We build a simple model of legal dualism in which a pro-poor legal reform, under certain conditions, causes the conflicting custom to go some way toward producing the change intended by the legislator. As a result, even if the formal law is not resorted to in an explicit manner, its mere existence might create a situation in which its objectives are partly met. We illustrate this insight using examples on inheritance, marriage, and divorce issues in Sub-Saharan Africa and India. We also characterize the conditions under which a moderate pro-poor reform is more effective than a radical reform.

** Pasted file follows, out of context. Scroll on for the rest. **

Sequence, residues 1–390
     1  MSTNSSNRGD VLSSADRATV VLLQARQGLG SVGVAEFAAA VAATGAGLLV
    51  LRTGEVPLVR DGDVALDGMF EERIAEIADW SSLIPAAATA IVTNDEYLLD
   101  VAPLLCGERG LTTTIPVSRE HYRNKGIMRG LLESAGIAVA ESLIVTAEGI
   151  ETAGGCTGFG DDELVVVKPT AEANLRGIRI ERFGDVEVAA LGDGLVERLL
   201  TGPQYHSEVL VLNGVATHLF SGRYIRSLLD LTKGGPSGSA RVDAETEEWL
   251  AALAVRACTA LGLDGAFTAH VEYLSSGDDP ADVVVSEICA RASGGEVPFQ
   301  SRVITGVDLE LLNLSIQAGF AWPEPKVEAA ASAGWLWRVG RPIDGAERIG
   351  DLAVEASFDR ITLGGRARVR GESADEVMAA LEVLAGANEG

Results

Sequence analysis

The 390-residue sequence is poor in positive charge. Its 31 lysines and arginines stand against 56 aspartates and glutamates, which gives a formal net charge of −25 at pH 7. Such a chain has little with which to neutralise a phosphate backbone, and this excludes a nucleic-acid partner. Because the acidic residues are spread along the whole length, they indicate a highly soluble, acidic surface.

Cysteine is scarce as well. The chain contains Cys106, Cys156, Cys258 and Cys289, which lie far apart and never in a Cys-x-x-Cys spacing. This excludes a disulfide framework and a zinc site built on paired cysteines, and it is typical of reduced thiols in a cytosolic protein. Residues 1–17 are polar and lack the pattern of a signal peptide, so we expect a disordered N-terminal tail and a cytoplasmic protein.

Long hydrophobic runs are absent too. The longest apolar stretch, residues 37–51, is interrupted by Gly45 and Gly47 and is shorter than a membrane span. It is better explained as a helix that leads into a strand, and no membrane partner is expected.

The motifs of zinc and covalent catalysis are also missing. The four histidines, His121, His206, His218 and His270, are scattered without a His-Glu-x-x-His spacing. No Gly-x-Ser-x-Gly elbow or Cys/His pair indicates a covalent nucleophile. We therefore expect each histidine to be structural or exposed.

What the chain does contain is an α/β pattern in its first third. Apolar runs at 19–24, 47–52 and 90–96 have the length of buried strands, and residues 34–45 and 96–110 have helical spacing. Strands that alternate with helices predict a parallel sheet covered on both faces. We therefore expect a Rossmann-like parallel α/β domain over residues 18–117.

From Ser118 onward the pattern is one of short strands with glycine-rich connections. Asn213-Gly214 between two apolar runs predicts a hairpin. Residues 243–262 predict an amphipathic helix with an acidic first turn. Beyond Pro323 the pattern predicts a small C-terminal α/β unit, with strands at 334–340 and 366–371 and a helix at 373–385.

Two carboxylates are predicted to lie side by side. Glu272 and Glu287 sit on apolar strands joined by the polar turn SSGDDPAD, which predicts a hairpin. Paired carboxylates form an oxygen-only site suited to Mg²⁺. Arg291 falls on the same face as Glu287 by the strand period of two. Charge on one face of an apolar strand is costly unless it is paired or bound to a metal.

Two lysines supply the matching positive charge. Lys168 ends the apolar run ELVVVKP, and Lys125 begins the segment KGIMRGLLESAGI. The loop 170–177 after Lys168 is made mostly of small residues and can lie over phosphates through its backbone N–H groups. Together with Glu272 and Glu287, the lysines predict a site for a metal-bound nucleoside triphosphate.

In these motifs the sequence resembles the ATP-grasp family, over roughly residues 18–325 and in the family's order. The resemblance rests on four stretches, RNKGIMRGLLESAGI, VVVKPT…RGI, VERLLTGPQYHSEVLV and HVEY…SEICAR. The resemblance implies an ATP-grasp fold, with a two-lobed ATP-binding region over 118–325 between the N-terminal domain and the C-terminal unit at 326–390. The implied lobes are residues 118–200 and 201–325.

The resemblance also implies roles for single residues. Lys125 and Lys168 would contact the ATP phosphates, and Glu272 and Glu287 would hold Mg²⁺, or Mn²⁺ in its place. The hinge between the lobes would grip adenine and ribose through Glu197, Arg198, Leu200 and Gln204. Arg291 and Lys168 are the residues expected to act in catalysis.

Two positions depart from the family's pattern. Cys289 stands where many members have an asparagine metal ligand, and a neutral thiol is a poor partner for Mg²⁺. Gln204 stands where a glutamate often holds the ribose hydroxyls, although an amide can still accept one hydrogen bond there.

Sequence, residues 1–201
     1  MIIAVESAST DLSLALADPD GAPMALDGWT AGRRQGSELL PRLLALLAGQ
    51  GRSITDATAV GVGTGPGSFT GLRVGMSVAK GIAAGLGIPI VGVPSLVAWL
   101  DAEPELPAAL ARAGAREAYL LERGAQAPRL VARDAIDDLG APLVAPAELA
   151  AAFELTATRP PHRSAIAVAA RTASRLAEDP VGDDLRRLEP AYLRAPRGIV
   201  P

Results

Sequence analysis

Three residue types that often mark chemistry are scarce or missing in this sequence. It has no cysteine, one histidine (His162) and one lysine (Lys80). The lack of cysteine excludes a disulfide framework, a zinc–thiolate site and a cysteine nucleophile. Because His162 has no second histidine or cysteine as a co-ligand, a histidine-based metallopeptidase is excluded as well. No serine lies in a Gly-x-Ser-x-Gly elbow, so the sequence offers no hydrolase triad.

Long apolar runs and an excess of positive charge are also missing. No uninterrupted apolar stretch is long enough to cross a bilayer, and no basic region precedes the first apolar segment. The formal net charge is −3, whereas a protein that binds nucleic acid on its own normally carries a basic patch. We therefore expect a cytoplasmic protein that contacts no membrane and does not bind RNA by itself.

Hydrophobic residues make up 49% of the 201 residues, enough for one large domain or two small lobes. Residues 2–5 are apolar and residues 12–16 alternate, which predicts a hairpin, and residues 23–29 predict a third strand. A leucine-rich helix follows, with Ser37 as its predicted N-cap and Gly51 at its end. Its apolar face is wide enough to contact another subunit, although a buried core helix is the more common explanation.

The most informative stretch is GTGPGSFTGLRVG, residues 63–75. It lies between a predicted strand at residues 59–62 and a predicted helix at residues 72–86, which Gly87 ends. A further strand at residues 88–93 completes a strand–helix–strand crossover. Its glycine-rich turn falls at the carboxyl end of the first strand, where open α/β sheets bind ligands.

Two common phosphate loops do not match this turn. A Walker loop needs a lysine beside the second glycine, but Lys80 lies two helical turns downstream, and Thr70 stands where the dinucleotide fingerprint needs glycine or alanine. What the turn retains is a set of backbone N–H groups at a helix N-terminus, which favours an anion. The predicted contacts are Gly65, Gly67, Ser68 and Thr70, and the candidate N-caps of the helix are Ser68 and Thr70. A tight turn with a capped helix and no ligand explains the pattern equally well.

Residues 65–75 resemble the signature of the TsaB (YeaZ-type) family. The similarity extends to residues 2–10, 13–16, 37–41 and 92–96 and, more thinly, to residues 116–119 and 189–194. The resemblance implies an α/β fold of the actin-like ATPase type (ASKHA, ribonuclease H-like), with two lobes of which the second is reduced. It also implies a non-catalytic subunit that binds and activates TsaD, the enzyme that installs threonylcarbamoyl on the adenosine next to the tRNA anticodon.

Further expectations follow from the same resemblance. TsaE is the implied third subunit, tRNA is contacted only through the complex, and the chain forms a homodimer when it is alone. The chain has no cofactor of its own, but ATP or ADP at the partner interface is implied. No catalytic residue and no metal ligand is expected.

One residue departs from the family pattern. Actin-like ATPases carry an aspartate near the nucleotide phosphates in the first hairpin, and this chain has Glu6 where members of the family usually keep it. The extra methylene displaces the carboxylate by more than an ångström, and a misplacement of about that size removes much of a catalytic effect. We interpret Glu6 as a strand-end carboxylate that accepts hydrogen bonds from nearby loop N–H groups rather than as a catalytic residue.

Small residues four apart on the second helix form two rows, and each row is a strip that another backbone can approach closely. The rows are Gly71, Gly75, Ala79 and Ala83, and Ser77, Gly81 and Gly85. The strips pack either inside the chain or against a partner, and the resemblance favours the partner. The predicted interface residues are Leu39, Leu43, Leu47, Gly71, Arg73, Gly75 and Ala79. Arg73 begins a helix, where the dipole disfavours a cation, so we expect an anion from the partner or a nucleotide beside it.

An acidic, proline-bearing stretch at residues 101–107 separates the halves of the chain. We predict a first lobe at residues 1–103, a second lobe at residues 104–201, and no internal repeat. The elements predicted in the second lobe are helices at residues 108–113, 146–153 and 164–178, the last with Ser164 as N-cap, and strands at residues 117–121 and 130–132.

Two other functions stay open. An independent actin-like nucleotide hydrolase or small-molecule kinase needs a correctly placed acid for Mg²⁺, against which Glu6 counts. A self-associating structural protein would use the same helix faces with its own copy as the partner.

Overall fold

|Etat de la publication||Non publié - 2009|